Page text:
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Patients fast before surgery to prevent food from getting into their lungs while they’re under — a serious concern that can lead to lung infection. But for those taking a class of treatments that include the widely popular Ozempic and Wegovy, fasting may not be enough to ensure an empty stomach.

The American Society of Anesthesiologists issued guidance Thursday recommending that patients stop taking this class of treatments, called GLP-1 drugs, before undergoing surgery.


Though there is limited data on how these drugs affect people having surgery, there are concerns — based on anecdotal reports — that delayed stomach emptying caused by these drugs could increase the risk of regurgitation and food aspiration into lungs when patients are on anesthesia, the group said.

GLP-1 drugs for type 2 diabetes and obesity have exploded in popularity for their ability to significantly cut people’s weight. They mimic the effects of the glucagon-like peptide 1 hormone that help people feel full after eating. The class of treatments, which include Novo Nordisk’s Ozempic and Wegovy and Eli LIlly’s Mounjaro, have gastrointestinal side effects like nausea, vomiting and delayed stomach emptying.

Michael Champeau, president of the anesthesiologist group, said they’ve heard anecdotes such as doctors performing endoscopies in patients taking these drugs and seeing food in the stomach, patients vomiting up food before surgeries even though they had fasted, and patients who were under anesthesia and had food come up during surgery.


Typically the group reviews extensive literature before issuing formal guidelines, but in this case, there were few studies, he said. “We wanted to just get some guidance out there because so many people had been concerned about the issue.”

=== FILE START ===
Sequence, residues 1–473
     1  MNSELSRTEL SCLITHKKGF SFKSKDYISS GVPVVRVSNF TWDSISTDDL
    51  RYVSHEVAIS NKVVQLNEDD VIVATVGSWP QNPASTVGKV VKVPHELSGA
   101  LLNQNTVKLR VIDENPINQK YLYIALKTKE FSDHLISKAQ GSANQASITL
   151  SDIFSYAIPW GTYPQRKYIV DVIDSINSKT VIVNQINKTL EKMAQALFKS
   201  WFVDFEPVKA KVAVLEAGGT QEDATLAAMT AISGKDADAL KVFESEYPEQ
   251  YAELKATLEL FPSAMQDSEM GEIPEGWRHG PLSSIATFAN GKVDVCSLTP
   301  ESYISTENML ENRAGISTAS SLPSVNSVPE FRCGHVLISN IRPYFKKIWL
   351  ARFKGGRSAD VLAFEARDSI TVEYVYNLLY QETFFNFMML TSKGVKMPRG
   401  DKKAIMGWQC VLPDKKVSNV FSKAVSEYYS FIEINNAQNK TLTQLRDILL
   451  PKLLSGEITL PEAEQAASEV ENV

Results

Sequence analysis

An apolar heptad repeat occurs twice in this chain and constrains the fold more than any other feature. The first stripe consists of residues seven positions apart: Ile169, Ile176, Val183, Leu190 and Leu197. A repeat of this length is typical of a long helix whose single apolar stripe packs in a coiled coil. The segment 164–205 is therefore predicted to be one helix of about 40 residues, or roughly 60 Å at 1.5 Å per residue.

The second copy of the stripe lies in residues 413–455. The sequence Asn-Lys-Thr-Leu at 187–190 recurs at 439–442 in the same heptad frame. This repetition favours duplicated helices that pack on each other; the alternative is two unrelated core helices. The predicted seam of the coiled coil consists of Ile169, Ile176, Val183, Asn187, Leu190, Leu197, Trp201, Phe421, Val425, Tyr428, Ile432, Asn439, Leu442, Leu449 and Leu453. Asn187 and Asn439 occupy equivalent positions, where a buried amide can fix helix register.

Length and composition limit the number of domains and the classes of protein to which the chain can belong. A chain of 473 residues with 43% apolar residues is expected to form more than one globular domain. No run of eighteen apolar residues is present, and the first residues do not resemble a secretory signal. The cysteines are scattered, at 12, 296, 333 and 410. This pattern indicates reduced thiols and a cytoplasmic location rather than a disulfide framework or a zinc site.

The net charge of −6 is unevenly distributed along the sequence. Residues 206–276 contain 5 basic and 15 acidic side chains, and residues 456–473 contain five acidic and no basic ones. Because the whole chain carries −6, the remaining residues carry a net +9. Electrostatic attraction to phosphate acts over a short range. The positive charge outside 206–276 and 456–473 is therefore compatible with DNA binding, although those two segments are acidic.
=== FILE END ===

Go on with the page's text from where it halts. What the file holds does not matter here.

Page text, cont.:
The group’s statement noted there are reports that the gastric emptying effects are reduced with long-term use of the drugs, but Champeau said there isn’t extensive enough data yet to specify how long patients have had to have been on the drug to be at risk.

“The relationship between how long one has been taking the drug and how much residual gastric content one has, I think, is at this point unpredictable enough that we don’t want to risk the patient’s health,” he said.

Delayed stomach emptying on GLP-1 drugs may also affect how well patients are able to absorb other oral medications they’re taking. The label for Lilly’s Mounjaro recommends patients taking oral birth control to switch to a non-oral form or add an additional method of birth control for the month after they start taking the drug and after each dose escalation. Studies showed that the drug’s effect on gastric emptying was greatest after the first dose and diminished after subsequent doses, according to the label.

The anesthesiologist group said that for people undergoing urgent surgeries, doctors should take precautions assuming that the patient has a full stomach.

For elective procedures, the group recommends that patients who take a daily dose of a GLP-1 drug should hold the treatment the day of surgery, and those who take a weekly dose should hold it the week before surgery.

The group also said that if the patient is experiencing gastrointestinal symptoms like severe nausea, vomiting or abdominal pain or bloating, that doctors should consider delaying the surgery. Some data suggest that the presence of gastrointestinal side effects are linked to how much food there is in the stomach.

If the patient has no gastrointestinal symptoms, but the GLP-1 drug was not held, then doctors should consider using an ultrasound to assess what’s in their stomach, the group said. If the stomach is empty, then doctors can proceed as usual, but if the stomach is full or the ultrasound is inconclusive, then doctors should consider delaying the procedure or adding full stomach precautions.

Anesthesiologists should also discuss the risk of regurgitation and food aspiration with other doctors involved in the surgery and the patient, the group said.

STAT’s coverage of chronic health issues is supported by a grant from Bloomberg Philanthropies. Our financial supporters are not involved in any decisions about our journalism.

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